In addition, their conversion into bioactive metabolites can have beneficial effects on the host’s health. In particular, the intestinal microbiota conversion of dietary polyphenols promotes the proliferation of SCFA-producing bacteria such as Bifidobacteria and decreases the ratio of Firmicutes to Bacteroidetes. Polyphenols can alter the composition of the microbiota, thus determining changes in polyphenol metabolism and bioavailability, and bioactive metabolites can have beneficial effects on the host’s health (Table 4).
Figure 3 shows that the conversion of dietary polyphenols promotes the proliferation of SCFA-producing bacteria such as Bifidobacteria and decreases the ratio of Firmicutes to Bacteroidetes. This bidirectional interaction also accounts for polyphenol’s antioxidant effects.

5.3. Effect of Polyunsaturated Fatty Acids (PUFAs) and Conjugated Linoleic Acid (CLA) on Gut Homeostasis

n-3 PUFAs are a major component of fish fat and are widely ingested through food or supplements; they are involved in many biochemical processes in the human body and are well-known modulators of SCFAs produced by the gut microbiome [107].
Before the incorporation of PUFAs into the membrane of the target tissues from systemic circulation, dietary fats are emulsified in the stomach before they enter the small intestine, where they are cleaved off to form free fatty acids and 2-monoacylglyceride. In the enterocytes, PUFAs are re-esterified to triacyl glycerides, and, upon incorporation into chylomicrons, are transferred to the lymph and blood circulation. The concentrations of CLA and n-3 PUFAs in human blood plasma are markedly different—8 nm and 20 μM, respectively—but their significant increase can be induced by the dietary supplementation of CLAmix or fish oil [131,132]. Notably, since the biological activities of these PUFAs depend on their incorporation and metabolism in the target organ, the marked differences observed in the blood may not reflect the efficacy of their biological action [133].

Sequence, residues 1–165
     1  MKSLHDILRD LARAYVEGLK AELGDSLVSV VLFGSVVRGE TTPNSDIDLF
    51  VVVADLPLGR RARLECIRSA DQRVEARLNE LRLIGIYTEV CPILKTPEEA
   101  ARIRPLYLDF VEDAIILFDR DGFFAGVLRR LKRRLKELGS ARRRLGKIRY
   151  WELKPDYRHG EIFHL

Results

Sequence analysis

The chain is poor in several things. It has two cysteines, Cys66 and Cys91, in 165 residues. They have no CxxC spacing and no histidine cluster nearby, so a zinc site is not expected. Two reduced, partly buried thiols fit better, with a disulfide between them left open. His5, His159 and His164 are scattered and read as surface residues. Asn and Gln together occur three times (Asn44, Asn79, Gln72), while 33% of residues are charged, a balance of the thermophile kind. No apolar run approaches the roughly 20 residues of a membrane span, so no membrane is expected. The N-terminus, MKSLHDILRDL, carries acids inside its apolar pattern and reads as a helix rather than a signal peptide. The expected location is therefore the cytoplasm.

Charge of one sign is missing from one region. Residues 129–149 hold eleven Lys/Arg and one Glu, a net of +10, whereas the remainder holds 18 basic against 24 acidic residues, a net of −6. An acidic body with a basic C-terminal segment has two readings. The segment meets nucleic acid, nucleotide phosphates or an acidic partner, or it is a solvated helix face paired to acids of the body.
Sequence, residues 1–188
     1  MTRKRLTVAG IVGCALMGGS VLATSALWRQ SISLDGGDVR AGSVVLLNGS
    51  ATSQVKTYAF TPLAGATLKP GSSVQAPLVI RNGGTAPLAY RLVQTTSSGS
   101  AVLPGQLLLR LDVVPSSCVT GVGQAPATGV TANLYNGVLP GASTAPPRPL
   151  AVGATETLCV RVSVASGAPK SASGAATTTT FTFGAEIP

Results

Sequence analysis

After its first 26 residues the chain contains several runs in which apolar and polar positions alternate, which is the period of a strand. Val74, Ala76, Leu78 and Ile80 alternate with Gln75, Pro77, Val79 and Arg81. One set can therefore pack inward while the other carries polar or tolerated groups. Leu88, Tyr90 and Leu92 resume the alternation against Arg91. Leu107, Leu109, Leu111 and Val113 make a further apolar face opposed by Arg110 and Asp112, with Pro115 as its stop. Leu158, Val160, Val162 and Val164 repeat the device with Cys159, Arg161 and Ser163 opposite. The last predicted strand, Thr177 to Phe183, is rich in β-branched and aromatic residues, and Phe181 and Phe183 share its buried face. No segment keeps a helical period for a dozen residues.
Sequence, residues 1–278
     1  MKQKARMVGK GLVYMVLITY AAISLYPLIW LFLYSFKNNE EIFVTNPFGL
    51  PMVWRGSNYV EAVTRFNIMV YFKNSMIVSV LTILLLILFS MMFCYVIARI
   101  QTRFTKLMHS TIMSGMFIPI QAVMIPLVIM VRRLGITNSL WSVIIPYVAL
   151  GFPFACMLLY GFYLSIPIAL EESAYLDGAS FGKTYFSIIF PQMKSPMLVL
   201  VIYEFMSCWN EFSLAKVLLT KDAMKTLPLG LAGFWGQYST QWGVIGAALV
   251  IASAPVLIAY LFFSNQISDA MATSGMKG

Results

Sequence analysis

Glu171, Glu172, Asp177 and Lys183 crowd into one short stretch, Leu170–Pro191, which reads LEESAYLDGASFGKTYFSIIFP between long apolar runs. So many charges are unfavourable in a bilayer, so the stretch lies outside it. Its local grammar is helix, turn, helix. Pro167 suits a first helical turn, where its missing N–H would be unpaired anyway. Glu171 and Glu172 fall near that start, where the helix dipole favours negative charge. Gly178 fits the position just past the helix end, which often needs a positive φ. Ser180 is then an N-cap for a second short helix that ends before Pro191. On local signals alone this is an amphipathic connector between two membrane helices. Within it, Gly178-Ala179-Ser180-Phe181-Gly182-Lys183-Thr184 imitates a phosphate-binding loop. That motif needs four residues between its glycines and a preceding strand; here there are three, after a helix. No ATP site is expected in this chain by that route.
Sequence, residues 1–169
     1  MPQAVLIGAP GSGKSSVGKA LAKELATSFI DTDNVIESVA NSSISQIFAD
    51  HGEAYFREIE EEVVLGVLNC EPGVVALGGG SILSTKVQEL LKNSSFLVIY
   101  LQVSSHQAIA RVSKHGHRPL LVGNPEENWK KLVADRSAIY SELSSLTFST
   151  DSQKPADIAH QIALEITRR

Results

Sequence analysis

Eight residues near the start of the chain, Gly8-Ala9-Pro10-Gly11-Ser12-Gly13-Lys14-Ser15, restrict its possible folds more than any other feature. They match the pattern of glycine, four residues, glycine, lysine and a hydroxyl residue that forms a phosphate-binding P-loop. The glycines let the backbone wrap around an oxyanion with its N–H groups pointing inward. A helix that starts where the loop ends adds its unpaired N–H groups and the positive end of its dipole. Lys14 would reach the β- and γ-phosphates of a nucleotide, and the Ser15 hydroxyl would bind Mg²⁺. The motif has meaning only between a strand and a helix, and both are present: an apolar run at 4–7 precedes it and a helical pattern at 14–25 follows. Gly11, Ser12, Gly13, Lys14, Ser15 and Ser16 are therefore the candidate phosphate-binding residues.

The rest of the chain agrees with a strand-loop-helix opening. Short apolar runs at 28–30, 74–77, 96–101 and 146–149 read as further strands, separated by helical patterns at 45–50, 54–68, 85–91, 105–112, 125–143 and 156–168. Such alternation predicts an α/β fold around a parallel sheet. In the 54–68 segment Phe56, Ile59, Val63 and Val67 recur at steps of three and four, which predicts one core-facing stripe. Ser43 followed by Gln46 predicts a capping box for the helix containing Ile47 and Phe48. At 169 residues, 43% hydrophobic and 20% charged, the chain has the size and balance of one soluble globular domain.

Dietary lipids have been recognized to alter the gut microbiota composition by acting as substrates for bacterial metabolic processes or by modulating the growth of propionate- and butyrate-producing bacteria (e.g., Bacteroides, Clostridium, and Roseburia) [134]. A recent review article reported that the concentration of n-3 PUFAs in the blood is positively correlated with the abundance of human gut microbes, thus indicating that n-3 PUFAs could directly modulate the diversity and the abundance of gut microbiota [135]. In particular, dietary n-3 PUFAs regulate gut microbiota homeostasis, and their deficiency may induce dysbiosis [136]. Several clinical data indicate the ability of n-3 PUFAs to restore gut eubiosis in aged people or in those with several pathological conditions by increasing the abundance of butyrate-producing bacteria [137,138]. Other in vivo studies have reported that dietary n-3 PUFAs can increase the growth of lipopolysaccharide (LPS)-suppressing bacteria (Bifidobacteria) and limit that of LPS-producing bacteria (Proteobacteria) [139], whose presence can determine acute inflammatory responses by triggering the release pro-inflammatory cytokines. Interestingly, dietary lipids also have a relevant role in neural development, the differentiation of nerve cells, and the plasticity of the nervous system. Their importance is supported by in vivo and clinical trial studies that clearly show the crucial role of dietary n-3 PUFAs in brain development, ageing, and neurodegeneration (Table 5).